Pediasura rhodivora is native to most of Asia and parts of northern Africa. The smallest member of its genus, the Canada brown, is now considered a subspecies of the yellow-toothed, or black-toothed, cockroach. Its range extends from Vancouver Island and British Columbia down the West Coast of Canada and Washington State and California, south to Arizona, New Mexico, and New Orleans. In this study, we investigated the host-range of genkan insects in Japan, namely members of the subfamily Diapriinae collected in Nagasaki City, Nagasaki Prefecture, Japan. P. rhodivora was the only species found in our collections. However, the frequency of this pest was still high enough to consider them a potential threat for plant cultivation. Although all members of diapriinae are assumed good colonizers, there is not much information on the host-range of the species. Based on the similarity of the host-range, we predict that diapriinae may be found in North America and/or Europe, or even Australia.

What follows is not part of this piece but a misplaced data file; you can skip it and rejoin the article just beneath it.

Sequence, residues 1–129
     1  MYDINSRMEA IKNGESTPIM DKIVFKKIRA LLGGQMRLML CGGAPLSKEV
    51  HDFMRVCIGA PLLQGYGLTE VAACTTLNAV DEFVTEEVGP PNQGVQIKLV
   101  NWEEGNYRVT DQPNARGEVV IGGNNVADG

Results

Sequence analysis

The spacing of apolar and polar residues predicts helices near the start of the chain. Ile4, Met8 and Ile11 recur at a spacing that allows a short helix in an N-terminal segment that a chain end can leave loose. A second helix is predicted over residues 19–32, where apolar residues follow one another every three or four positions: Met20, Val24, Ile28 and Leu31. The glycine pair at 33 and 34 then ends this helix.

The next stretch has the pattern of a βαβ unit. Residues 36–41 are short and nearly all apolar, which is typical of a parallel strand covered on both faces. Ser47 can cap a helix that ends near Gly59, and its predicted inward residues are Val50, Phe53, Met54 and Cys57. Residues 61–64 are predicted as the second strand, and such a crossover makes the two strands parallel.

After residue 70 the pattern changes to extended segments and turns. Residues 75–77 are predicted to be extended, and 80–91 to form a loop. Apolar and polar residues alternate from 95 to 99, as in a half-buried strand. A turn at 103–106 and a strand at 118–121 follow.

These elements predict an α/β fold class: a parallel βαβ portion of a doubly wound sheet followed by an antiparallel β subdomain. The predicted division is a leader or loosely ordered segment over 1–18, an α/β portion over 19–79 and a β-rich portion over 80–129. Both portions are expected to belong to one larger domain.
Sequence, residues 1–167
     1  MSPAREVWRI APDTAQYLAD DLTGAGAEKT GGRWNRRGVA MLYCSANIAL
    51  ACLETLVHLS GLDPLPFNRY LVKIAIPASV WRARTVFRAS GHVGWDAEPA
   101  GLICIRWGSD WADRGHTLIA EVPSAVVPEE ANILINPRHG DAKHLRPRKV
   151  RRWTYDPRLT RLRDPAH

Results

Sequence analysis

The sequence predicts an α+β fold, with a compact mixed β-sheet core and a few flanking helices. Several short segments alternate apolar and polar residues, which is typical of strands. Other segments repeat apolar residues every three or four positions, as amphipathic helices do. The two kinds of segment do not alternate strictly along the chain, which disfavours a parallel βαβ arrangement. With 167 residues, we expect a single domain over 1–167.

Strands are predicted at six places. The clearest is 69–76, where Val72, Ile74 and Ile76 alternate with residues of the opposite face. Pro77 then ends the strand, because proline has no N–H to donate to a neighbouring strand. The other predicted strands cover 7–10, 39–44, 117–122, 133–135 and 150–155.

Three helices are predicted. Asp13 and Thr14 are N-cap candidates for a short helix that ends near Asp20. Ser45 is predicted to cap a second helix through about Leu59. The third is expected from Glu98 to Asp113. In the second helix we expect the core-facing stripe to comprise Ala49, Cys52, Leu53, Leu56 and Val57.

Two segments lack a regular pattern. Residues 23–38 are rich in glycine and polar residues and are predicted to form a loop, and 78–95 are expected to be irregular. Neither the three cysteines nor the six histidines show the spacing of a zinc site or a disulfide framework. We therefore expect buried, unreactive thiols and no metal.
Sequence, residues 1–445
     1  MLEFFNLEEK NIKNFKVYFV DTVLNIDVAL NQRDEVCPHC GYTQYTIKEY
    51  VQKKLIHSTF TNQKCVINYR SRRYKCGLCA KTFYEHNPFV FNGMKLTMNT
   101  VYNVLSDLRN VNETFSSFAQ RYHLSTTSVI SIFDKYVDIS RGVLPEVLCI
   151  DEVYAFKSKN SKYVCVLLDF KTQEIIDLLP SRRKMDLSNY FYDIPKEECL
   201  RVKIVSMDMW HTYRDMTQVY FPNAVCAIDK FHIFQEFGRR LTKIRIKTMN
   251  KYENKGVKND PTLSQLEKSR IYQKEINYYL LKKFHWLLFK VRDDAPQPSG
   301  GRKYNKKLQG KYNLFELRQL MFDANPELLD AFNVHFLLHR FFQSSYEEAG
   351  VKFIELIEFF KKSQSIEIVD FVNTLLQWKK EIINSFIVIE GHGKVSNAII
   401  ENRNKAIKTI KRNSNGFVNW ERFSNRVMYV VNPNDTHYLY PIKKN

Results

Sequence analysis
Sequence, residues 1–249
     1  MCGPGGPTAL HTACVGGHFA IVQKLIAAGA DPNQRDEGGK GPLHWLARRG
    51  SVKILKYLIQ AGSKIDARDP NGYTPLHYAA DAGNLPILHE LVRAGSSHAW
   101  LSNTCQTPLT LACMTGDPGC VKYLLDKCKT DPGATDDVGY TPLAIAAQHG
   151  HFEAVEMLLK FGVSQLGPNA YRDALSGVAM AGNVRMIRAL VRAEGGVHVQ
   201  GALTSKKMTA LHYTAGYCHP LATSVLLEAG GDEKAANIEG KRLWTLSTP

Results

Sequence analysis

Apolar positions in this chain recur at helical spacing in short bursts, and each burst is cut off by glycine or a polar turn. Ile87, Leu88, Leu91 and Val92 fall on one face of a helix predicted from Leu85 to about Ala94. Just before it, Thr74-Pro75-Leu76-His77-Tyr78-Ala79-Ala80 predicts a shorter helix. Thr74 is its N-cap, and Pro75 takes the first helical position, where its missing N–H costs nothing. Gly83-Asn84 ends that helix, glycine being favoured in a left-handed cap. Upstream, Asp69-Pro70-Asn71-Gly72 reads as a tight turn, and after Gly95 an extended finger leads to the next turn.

Particularly in the case of Thymus species, the presence of this subgroup within the Cinnamomum genus would make identification difficult. The fact that Thymus species are rather widespread may complicate our ability to identify the species using museum specimens.
Dutch elm disease has been present in Europe and North America since the early 20th century, but it has been particularly virulent in the United States during the past 30 years. Because Europe stands as a genetic refuge for the wild and other economically important Ulmus species, the recent disease has been considered of international significance. Discovering new causes of Ulmus decline will be essential if effective control strategies are to be developed.
Cocksfoot is among the most common weeds in the world. Although cocksfoot is generally considered to be a bad neighbor, it is harmless as long as it is managed properly. A range of symptoms result from cocksfoot infestation, including a thickened root collar and seed pods. d2c66b5586